Both Morrissey and White seem destined to travel beyond genre, though they explored more definable traditions in earlier releases. Morrissey’s Tomorrow Will Be Beautiful (2015) is an honest and beatific affair, a refreshing outlier in a resurging field of folk rock that had fallen into glossy commercialism,

her youthful debut looking back to the early aughts when Devendra Banhart and Joanna Newsom recorded a slew of exceptional acoustic music. White’s stunning debut Big Inner (2012) and its follow-up Fresh Blood (2015) are two southern soul journeys, engaging and idiosyncratic statements crafted with his family of Richmond collaborators. Gentlewoman, Ruby Man is a little more difficult to categorize, closing with a leftfield, but utterly sublime chant to Lord Krishna. The fact that it actually works, signals what kind of a special universe this project exists in, a universe familiar to anyone who has followed White’s label-cum-production house Spacebomb.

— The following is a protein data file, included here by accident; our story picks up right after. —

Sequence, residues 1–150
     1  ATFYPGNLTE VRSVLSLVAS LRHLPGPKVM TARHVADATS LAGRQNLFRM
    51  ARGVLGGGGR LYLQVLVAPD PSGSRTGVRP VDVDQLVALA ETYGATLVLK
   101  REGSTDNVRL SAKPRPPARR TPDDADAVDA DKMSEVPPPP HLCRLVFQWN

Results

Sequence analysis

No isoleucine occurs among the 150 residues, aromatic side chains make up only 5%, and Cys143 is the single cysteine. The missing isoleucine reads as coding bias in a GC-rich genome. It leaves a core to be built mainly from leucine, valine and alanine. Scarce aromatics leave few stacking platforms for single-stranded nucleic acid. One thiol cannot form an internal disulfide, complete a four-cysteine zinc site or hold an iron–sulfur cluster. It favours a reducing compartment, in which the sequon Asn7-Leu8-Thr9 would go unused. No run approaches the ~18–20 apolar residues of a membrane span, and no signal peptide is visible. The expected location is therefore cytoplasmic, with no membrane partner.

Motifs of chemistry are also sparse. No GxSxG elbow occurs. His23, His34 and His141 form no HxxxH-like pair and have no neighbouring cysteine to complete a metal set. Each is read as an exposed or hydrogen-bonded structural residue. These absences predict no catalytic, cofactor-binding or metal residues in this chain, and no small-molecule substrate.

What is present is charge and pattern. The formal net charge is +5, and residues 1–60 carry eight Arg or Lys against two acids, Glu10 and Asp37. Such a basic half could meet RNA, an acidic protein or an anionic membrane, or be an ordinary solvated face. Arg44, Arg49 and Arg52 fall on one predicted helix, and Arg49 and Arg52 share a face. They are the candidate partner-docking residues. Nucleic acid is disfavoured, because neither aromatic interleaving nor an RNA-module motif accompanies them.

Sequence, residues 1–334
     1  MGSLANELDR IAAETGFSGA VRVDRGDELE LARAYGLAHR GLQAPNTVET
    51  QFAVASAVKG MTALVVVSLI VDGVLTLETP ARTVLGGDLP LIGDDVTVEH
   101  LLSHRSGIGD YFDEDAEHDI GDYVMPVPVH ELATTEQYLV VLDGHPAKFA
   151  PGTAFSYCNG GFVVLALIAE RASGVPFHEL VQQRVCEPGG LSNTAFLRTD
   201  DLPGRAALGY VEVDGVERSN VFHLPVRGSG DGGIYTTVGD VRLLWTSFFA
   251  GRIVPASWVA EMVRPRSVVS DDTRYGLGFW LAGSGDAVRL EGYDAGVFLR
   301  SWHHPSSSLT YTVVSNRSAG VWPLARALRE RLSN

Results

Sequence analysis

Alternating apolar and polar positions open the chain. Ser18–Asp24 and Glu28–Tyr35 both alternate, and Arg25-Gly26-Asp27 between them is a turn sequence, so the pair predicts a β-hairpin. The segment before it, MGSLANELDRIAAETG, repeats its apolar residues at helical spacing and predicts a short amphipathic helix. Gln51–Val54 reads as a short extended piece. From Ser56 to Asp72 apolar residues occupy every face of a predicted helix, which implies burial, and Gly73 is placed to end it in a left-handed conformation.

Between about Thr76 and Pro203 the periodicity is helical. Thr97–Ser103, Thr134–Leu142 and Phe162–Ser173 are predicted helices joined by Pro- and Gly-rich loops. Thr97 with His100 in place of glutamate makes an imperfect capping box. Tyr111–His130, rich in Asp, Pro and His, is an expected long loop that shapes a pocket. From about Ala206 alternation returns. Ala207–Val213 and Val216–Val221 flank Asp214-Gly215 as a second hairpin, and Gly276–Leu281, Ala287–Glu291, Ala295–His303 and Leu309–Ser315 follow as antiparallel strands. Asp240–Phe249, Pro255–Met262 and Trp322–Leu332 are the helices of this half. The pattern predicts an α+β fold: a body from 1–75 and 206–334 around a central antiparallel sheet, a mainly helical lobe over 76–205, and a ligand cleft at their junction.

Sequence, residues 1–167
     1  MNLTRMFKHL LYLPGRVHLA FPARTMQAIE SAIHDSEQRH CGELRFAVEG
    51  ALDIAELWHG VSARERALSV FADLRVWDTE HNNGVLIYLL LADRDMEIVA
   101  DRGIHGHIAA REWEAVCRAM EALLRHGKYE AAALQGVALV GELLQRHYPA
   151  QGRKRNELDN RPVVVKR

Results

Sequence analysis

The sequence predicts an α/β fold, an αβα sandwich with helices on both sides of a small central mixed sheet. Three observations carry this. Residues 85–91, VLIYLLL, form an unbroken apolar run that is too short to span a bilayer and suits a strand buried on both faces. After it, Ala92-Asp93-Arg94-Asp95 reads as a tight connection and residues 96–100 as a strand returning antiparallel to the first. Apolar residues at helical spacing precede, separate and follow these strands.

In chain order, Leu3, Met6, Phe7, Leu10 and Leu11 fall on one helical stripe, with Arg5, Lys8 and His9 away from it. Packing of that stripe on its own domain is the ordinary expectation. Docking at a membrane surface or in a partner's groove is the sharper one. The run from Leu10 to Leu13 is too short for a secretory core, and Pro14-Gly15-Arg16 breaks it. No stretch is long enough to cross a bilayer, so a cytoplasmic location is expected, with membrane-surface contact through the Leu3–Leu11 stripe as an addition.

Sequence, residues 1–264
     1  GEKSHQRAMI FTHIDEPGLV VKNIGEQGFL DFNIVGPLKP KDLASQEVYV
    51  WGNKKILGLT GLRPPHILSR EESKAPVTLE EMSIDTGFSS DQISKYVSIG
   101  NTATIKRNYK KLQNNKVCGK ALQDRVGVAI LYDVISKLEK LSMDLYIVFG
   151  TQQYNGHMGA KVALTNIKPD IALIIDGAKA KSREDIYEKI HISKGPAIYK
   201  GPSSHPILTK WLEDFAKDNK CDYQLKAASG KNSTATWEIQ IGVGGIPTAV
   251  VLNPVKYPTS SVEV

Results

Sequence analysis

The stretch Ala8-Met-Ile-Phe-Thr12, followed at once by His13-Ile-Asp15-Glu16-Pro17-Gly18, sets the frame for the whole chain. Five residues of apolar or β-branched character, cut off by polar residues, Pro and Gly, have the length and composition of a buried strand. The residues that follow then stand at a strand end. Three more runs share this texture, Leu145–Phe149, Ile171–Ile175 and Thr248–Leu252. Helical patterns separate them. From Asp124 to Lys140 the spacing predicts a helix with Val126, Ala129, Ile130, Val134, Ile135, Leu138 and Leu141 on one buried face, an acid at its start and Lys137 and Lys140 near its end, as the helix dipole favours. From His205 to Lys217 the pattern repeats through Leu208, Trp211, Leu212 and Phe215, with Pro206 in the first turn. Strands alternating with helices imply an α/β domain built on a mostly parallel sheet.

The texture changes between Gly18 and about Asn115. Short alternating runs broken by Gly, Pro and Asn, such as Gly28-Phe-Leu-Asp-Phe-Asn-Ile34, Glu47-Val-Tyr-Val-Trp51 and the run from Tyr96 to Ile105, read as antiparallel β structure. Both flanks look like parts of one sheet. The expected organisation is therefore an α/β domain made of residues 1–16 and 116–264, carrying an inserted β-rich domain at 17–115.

White’s production takes cues from the touchstones of tape that have become recording canon, he flourishes under a benevolent regime of preparation and in-the-moment respect for the musician’s intuition. Feel, what I feel, when I feel, what I feel, when I’m feelin’, in the sunshine. What separates him from the new class of rock producers with magpie access to all the coolest records from all the decades, is his background in jazz and sophisticated understanding of arrangement, in the tradition of a Quincy Jones with more than a few strands of Brian Wilson’s

psychedelic DNA. Morrissey injected a dose of spiritual joy into the process, placing an educated faith in White’s direction and providing her own guiding light in the studio, ready with a studied opinion or an inspired suggestion.